Female breadwinning podcast chat with Gigi Foster

UNSW Economics Professor Gigi Foster, who you may know from her appearances on ABC’s Q&A and The Economists podcast, has done some fascinating research on the phenomenon of female breadwinning, whereby, in around one-in-four partnerships, the female earns more than the male (e.g. see Does Female Breadwinning Make Partnerships Less Healthy or Less Stable?). In Australia and the US, female breadwinning increases the risk of an unhappy relationship, possibly because it is a blow to the male ego. Furthermore, in the US, female breadwinning increases the likelihood of relationship dissolution among young co-habiting couples. This appears to be because some young women think that, if their partner earns less than they do, they could do much better. Ultimately, people try to find partners that are at (or above) their level, so to speak, and income is one characteristic among others (e.g. physical attractiveness, sense of humour, conversational ability, etc.) that are relevant.

I spoke with Gigi about her research earlier this week and our conversation is now available as the latest episode of my Economics Explored podcast. Please check it out for some great insights into female breadwinning and also into the gender pay gap.

Finally, I should note that, disturbingly, in Australia, it also appears that female breadwinning is associated with a greater risk of domestic violence, according to new research from ANU’s Bob Breunig and Yinjunjie Zhang, research which Gigi mentioned in my conversation with her (see Women are more likely to experience domestic violence when they out-earn their partner).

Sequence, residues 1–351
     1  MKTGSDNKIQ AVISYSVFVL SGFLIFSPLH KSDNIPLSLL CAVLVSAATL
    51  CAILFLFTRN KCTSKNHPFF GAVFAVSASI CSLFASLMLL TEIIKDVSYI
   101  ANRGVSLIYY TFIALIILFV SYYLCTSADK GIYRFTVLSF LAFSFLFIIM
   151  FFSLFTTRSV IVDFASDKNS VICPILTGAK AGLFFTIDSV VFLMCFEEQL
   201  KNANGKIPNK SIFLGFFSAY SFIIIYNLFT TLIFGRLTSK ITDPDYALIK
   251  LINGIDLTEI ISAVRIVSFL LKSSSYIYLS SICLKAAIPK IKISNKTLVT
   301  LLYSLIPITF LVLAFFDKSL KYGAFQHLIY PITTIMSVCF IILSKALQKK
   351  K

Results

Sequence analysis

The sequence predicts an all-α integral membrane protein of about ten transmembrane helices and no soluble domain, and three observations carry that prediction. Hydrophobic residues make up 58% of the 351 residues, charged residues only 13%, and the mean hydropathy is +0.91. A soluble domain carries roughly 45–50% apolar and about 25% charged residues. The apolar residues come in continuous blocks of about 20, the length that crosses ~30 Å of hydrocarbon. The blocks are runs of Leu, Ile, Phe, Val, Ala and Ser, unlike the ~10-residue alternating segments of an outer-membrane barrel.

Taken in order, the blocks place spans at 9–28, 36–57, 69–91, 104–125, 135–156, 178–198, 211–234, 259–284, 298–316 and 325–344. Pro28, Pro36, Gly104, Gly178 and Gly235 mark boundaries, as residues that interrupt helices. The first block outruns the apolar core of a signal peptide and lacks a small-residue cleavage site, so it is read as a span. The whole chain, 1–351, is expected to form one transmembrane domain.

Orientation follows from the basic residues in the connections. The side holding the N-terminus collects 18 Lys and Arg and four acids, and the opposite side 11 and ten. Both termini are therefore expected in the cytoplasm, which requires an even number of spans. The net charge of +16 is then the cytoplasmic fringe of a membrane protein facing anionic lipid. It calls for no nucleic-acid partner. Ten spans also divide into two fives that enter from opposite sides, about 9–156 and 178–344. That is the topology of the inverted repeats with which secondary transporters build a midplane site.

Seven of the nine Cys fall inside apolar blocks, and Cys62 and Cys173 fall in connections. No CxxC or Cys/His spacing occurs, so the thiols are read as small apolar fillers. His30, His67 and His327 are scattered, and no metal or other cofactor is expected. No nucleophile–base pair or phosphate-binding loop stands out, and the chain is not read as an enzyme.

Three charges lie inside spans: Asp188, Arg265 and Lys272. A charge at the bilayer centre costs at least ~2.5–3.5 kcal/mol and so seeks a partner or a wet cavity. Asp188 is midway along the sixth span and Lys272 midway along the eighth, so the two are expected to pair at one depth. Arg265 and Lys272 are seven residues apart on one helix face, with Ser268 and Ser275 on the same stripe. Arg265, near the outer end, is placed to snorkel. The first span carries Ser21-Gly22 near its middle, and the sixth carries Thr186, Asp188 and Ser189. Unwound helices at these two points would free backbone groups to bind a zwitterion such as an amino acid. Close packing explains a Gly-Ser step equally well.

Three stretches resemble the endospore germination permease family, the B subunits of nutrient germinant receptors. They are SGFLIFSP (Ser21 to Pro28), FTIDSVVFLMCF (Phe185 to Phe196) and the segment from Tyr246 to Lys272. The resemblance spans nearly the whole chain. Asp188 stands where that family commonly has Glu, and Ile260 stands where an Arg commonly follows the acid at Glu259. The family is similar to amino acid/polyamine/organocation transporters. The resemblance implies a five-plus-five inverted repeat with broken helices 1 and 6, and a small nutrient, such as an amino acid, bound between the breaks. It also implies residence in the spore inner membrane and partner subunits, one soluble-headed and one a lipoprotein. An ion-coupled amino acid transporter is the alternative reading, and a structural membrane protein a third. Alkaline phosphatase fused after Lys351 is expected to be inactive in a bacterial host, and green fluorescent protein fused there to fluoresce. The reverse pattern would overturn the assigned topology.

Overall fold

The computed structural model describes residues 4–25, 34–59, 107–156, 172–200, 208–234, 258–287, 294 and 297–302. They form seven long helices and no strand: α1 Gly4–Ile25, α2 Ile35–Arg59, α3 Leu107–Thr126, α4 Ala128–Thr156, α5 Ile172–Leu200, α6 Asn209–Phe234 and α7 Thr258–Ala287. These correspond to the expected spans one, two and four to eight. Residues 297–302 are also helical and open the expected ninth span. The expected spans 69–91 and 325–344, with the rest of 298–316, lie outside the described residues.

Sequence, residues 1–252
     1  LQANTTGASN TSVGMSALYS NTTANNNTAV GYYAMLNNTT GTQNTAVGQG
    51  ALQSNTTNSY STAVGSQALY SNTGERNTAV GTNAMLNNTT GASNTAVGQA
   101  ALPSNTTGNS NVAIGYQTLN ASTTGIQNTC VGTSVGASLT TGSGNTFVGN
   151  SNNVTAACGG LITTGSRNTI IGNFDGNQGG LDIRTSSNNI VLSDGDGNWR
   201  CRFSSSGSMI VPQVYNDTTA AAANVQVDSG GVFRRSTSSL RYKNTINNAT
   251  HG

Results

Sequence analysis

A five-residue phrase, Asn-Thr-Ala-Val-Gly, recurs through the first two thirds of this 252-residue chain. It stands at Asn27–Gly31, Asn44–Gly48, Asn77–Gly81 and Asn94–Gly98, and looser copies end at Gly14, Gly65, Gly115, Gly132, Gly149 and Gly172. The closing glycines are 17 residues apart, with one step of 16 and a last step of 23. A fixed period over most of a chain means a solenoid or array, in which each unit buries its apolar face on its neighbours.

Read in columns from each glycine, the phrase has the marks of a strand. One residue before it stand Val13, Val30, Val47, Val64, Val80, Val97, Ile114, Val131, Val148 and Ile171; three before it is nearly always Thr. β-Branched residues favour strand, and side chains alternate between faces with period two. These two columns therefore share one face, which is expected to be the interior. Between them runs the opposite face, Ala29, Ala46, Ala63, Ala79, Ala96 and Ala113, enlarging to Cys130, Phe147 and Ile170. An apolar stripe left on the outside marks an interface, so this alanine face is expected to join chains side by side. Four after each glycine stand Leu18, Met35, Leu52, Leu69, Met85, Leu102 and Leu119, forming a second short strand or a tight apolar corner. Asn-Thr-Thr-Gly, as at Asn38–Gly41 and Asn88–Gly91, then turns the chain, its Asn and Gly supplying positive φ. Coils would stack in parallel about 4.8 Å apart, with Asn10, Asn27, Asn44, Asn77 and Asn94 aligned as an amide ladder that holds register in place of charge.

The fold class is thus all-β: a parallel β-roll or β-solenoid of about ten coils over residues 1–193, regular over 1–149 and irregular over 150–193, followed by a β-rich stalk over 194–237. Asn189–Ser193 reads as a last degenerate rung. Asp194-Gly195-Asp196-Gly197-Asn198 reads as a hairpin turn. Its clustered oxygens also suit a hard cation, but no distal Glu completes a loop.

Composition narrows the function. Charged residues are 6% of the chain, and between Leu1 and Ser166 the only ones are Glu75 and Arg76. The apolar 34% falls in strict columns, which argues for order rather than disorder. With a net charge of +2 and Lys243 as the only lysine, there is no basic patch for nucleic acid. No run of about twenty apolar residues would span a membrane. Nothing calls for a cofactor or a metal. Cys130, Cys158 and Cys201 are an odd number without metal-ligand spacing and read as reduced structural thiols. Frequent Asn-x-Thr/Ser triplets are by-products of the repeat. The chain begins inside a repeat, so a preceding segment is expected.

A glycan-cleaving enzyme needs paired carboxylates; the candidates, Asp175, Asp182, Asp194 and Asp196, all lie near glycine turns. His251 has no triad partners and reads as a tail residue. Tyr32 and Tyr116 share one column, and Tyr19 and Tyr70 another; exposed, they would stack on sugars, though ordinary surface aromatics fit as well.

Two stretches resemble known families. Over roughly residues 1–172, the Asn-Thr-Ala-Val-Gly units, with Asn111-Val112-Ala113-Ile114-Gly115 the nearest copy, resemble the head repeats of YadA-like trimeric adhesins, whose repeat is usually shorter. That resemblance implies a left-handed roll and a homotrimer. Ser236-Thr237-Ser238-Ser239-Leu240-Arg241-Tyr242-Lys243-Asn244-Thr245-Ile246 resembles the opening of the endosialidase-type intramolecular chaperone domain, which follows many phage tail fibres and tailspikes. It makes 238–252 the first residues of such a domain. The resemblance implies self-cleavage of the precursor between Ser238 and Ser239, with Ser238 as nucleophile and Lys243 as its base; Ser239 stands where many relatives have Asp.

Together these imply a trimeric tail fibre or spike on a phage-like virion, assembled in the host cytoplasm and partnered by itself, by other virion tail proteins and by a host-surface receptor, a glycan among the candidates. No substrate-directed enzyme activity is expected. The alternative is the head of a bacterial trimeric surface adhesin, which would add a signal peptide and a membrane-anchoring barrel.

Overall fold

Please feel free to comment below. Alternatively, you can email comments, questions, suggestions, or hot tips to contact@queenslandeconomywatch.com

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2 Responses to Female breadwinning podcast chat with Gigi Foster

  1. Katrina Drake says:

    That is a very strange argument you are putting forward Gene. Reads like text-book victim blaming. Because a women has a higher education and earns more, she is responsible for any domestic violence targeted against her.

    Do not confuse correlation with causation.

    Your argument would imply that the gender pay gap, where women earn less than men across all industries, is actually for the benefit of women, by keeping women poorer and thus safer from domestic violence.

    Risk factors for domestic violence are Alcohol and drug use, Child abuse, Pregnancy and separation, attitudes to violence against women.

    Perhaps men in a partnership where the women earns more, simply spend more of their disposable income on alcohol and drugs.

    Also women who have focussed on education and career when younger, have fewer and less desirable partners to chose from when they decide to partner later in life.

    Alcohol and drugs place a very heavy burden on our society. I have always felt that people should have a drivers licence incorporating an alcohol licence. Where you can lose points for alcohol related dis-orders, and loose your licence to consume alcohol when you accumulate de-merit points.

    • Gene Tunny says:

      Hi Katrina, thanks for the comment. I’m definitely not victim blaming or confusing correlation with causation. I raised the point about alcohol and drugs in my conversation with Gigi.

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